To mark the third anniversary of the initial COVID-19 lockdown that Illinois entered on March 21, 2020, the RoundTable asked Evanstonians from various walks of life to share a few words and photos illustrating their pandemic experiences.

Here are the stories they shared with us.

Mike Roche, photographer and retired teacher:
Sharing images of outdoor enjoyment

  • The day dawns at the Arrington Lagoon at the lakefront on April 8, 2020.
  • April 28, 2020 at a residence on Lincoln Street: Thanks mail carriers, and Mom, who is a nurse!
  • April 12, 2020 on Asbury Ave. along the North Shore Channel: Social distancing with neighbors behind chain link.
  • April 12, 2020 in the Sculpture Garden at Northwestern's Block Museum of Art: Put on your PPE carefully!
  • If you can't locate a mask... April 12, 2020 at Lakeshore Blvd., adjacent to the Dempster Beach House.
  • April 12, 2020 at a residence just south of downtown Evanston: Sure I trust you...leave it right there! Thanks.
  • April 27, 2020 at Northwestern, on the bridge linking the campus to the Lakefill: Sport endures.
  • May 12, 2020 on the southern tip of the Lakefill looking south toward Evanston downtown: Blue Angels pay homage to Evanston health care workers.

I’m a retired Evanston teacher and I walk around the city every day. In April 2020, when it was mostly deserted, I noticed some people “out and about” safely and happily enjoying the outdoors. I wanted to capture that feeling and setting with my Nikon and encourage folks to safely enjoy the community. I built a web photo gallery from the results.

Tawana Stiff, Nichols Middle School teacher:
Facing challenges with grace and empathy

Images from remote learning during the height of the pandemic. Credit: Tawana Stiff

When I reflect on the first quarter of the 2020 school year, I recall hearing and reading about this spreading coronavirus and the rising number of cases as it gradually made its way across the globe. At no point would I have ever guessed that life as we once knew it was about to change.

I recall that during our lunch periods, colleagues and I would discuss the latest coronavirus trends as we tried to wrap our minds around the magnitude of this virus. As the world around us began to set guidelines and restrictions, we’d go back and forth, convincing ourselves that a shutdown would never come to fruition because we could not imagine a world that could function without access to public spaces on which people heavily rely (e.g., schools). 

The whole notion of instructing students online during this time period felt very surreal. Going from seeing your students every day to not seeing some of your students at all because they never logged into remote sessions was unprecedented. How do you hold students accountable for not being able to keep up with something (online learning) that most adults were also grappling to understand themselves? How do you ensure that your students are receiving a high caliber of instruction?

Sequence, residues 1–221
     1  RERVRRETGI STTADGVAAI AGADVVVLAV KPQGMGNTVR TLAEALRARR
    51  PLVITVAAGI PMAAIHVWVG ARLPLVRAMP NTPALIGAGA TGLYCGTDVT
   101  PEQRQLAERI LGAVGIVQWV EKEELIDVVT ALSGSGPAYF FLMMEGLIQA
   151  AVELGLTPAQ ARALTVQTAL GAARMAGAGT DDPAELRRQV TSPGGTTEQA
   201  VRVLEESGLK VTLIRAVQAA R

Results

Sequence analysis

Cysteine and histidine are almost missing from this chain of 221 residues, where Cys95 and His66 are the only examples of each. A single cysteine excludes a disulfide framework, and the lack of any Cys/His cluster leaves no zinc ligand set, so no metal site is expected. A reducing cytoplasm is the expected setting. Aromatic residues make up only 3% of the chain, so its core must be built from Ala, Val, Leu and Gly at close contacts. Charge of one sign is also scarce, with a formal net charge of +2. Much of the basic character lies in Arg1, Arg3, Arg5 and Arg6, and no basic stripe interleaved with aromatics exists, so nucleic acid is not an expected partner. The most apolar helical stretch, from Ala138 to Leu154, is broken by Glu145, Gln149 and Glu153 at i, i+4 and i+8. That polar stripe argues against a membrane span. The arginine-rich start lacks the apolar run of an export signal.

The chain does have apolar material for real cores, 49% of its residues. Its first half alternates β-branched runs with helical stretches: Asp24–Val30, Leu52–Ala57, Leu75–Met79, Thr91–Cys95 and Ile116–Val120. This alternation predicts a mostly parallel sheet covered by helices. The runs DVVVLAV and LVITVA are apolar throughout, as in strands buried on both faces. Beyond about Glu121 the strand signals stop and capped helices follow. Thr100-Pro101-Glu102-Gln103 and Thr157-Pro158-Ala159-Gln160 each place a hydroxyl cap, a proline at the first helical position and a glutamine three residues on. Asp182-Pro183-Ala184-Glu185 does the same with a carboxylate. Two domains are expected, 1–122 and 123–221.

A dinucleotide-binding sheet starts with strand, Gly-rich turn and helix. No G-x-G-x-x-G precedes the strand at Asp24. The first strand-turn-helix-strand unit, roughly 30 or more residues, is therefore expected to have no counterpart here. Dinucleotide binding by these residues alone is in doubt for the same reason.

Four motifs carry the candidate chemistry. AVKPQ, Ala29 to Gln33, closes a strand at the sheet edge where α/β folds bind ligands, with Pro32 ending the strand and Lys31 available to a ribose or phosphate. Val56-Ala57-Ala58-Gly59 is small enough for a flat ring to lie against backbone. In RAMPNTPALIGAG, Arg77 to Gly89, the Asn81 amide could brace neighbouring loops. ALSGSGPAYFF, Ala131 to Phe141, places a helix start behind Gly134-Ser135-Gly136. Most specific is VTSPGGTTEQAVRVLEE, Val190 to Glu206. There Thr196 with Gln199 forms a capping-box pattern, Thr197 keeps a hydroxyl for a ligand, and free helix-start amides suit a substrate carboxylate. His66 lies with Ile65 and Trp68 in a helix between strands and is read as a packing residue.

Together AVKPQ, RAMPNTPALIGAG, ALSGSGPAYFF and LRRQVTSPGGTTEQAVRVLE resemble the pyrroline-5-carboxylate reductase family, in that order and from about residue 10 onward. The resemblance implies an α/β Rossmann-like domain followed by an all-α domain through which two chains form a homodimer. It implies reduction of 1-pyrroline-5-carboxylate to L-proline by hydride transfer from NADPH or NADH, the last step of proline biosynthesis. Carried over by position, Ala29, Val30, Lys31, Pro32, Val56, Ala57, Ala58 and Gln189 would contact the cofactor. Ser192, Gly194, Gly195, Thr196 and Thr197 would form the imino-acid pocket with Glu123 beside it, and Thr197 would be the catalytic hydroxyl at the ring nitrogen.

How do you stay connected with students and continue to build rapport via remote learning? How do you even stay connected with anyone outside of your household at this point, when you can no longer share smiles with strangers in passing because everyone’s face is buried under a mask? These were the types of questions I asked myself as I tried to make sense of this new remote learning reality I was in. 

GRACE. Have grace toward yourself and have grace toward others, as this is new and uncharted territory for all of us. I remember both sending and receiving many correspondences that referenced grace.

That word held so much weight because it served as a reminder that no matter what adversities each of us faced as individuals during the peak of the pandemic, we all were in a position where we were compelled toward empathy. When a colleague struggled with instructional technology tools, we came together to compile resources that would be helpful for various aspects of our work as remote educators. If one of us found an online tool that could somehow enhance our instruction, we didn’t keep it for ourselves, but we shared it with others.

Of course, going into the fall of 2020 was much easier than the remote learning initiated that spring, because we had more knowledge, tools and experience under our belts. However, the grace that my colleagues and I exhibited toward one another was the sustaining force that kept us going during every chapter of the remote journey. 

Eric Chehab, orthopedic surgeon: